There may remain a right not to be adversely affected by the information in the future. Such a right may exist if the information (1) is inaccurate, (2) was acquired by fatally flawed procedures, or (3) as may be the case with information about his private and personal relationships, is prejudicial without serving any proper purpose of the Bureau's. But there has not as yet been a finding by the trial court that any of these conditions exist. In fact, appellee has made no objection to the manner in which the Bureau carried out its inquiry, and he has admitted the substantial truth of what it found with respect to the misuse of his credentials. Moreover, the Bureau would appear to have a strong interest in retaining at least some of the information that the District Court ordered expunged. The abuse of official power by appellee in this case may seem a mild one, but even mild abuses, should they be tolerated and allowed to proliferate, will pose a severe threat to the public confidence upon which the Bureau relies.
The order may well have been justified at the time it was originally entered. The new Acting Director's abandonment of the proposed disciplinary action could, in one view of the matter, be taken as implying an admission by him that the charges against appellee were inaccurate, improperly made, or simply insignificant. Such an admission might well have justified expungement, and might be presumed to have been made when the time in which to oppose expungement expired without the new Acting Director's raising any objection. The reasonableness of that presumption was destroyed, however, when the Government filed its subsequent opposition, which included the following statements:
By the cancellation of the proposed dismissal and suspension, plaintiff was not absolved of any wrongdoing. The fact remains plaintiff did misuse his credentials and did unnecessarily involve the FBI in a matter over which it had no jurisdiction.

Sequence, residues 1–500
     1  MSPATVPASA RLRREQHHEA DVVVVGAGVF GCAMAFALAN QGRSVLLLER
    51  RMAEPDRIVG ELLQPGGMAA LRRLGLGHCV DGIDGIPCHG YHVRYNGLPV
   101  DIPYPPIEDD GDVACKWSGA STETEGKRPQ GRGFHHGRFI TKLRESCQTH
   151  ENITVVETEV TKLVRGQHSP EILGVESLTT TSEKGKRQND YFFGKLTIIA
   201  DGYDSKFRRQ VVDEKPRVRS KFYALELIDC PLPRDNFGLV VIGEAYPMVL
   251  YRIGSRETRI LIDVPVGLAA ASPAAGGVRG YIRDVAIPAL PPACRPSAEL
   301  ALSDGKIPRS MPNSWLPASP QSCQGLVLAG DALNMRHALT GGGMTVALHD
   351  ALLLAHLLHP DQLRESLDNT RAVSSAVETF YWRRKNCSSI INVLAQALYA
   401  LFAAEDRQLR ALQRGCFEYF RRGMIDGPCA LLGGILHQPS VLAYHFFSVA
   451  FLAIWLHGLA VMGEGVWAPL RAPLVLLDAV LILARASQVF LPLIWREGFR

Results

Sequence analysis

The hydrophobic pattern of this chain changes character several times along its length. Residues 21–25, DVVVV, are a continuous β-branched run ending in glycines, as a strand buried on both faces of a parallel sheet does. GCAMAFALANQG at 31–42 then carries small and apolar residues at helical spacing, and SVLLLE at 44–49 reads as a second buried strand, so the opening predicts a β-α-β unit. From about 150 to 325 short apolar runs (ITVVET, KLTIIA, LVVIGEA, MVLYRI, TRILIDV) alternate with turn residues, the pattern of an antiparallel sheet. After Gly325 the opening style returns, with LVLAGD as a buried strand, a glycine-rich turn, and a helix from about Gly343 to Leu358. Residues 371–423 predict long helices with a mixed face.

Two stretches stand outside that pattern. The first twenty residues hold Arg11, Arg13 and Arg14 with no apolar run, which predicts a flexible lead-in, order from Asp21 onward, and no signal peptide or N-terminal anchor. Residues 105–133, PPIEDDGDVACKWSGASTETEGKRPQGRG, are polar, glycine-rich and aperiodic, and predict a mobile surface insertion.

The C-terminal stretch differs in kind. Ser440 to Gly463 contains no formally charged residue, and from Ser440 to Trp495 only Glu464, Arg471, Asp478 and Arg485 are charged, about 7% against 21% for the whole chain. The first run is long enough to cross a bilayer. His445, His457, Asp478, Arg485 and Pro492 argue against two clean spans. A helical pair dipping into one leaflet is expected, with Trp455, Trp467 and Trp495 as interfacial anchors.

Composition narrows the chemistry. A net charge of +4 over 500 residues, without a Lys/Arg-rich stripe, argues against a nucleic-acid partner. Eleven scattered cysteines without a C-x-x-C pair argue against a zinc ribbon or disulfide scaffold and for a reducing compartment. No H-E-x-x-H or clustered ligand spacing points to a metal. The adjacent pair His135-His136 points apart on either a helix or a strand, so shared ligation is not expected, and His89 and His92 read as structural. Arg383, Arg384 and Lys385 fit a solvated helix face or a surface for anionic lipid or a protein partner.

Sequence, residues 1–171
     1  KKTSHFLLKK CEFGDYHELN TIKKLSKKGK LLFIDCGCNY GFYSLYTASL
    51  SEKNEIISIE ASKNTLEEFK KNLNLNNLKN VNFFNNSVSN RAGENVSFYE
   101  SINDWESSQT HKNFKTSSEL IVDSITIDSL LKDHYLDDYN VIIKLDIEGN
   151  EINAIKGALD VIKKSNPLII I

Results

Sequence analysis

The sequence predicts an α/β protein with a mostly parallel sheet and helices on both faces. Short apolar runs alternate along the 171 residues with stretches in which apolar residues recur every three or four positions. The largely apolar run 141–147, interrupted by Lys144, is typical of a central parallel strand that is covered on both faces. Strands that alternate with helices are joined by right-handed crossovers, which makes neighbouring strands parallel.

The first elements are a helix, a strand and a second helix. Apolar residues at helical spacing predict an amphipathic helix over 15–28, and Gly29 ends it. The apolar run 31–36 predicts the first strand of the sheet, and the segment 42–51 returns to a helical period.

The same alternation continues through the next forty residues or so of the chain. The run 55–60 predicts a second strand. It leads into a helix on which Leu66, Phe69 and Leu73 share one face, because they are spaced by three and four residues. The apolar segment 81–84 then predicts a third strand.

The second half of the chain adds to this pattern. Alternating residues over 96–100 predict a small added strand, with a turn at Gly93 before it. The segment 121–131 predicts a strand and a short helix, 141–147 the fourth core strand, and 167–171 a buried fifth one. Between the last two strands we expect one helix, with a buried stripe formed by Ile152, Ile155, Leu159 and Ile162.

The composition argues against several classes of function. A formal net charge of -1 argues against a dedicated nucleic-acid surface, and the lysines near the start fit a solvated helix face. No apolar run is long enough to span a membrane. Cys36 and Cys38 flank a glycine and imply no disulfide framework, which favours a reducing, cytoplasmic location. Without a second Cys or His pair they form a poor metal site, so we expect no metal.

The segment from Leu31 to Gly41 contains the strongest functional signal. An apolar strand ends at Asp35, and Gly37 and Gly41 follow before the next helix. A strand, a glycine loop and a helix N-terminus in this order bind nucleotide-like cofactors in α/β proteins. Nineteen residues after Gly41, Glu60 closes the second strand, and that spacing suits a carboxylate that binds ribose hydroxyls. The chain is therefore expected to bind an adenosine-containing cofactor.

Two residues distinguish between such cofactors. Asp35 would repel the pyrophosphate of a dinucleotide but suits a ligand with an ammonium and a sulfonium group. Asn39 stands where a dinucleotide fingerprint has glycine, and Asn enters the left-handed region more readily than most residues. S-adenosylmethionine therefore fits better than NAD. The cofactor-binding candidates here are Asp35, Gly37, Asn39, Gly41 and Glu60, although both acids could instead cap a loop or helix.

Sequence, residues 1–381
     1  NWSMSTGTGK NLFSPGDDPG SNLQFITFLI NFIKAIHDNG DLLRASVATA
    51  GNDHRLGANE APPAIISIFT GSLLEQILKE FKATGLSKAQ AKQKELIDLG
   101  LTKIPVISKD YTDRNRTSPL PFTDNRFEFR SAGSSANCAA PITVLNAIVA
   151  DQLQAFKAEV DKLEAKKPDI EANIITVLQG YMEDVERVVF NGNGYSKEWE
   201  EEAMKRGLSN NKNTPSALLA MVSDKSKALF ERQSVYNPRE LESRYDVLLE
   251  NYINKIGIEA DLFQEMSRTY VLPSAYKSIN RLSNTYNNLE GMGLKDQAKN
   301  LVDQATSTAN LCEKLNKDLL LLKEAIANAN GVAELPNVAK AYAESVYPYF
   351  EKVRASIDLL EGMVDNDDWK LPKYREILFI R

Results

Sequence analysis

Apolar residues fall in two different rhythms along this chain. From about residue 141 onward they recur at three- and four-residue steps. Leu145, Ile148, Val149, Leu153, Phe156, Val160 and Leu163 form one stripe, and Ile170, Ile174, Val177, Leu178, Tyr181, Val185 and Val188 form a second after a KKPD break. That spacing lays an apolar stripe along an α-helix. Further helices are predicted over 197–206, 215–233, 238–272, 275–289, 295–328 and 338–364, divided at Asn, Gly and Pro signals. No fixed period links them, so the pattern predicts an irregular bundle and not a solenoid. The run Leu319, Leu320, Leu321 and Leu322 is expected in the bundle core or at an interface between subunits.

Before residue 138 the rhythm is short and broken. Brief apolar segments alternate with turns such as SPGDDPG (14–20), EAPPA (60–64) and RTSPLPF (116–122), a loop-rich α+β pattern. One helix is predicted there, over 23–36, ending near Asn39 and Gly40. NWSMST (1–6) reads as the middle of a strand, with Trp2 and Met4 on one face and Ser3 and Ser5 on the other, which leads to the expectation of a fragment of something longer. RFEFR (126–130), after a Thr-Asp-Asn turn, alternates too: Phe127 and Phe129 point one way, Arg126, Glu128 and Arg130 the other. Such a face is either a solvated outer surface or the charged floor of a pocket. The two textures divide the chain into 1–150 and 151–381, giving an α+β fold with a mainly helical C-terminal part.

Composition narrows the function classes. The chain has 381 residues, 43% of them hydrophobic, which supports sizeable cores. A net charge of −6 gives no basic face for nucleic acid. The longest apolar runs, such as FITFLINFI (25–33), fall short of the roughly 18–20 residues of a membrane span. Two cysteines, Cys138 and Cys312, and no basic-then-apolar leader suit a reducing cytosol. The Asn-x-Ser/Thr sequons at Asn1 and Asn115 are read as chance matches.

App. I at 52.
We do not know the precise reason for the cancellation. The new Acting Director may have considered only some of the charges against plaintiff to be credible and proper. Or--and what seems more likely--he may have thought the admitted misconduct insufficient, at least as a first offense, to warrant the severe sanction of dismissal. In any event, his opposition, albeit belated, raised doubts as to the propriety of expungement, and strongly suggested the desirability of a hearing on its merits.
The expungement order must therefore be vacated, and is not to reissue prior to a hearing on the extent to which the information in the Bureau's files violates appellee's rights without serving any legitimate needs of the Bureau. In this connection we note the considerable latitude given the Bureau in its internal affairs, cf. Carter v. United States, 132 U.S.App.D.C. 303, 407 F.2d 1238, 1242 (1968), and also the limited relevance of the cases involving expungement of criminal records, the potential prejudicial effects of which far exceed that of the information here at issue. Compare Menard v. Saxbe, supra, 498 F.2d at 1024 (adverse effects of criminal records enumerated), with Finley v. Hampton, 154 U.S.App.D.C. 50, 473 F.2d 180 (1972) (effect of certain adverse information in employing agency's files found not legally cognizable).
The part of the challenged order to which we see least objection is that requiring the Bureau to inform other agencies to which it has hitherto disseminated information about this matter that appellee was not in fact disciplined for it. Certainly it is the Bureau's obligation to correct any erroneous information. Since the action the Board is required to take with respect to other agencies will otherwise depend on what it itself is required to do, however, it seems best to vacate the entire order and to allow the District Court to reexamine--and perhaps to refashion--it in the light of what may be revealed by further proceedings.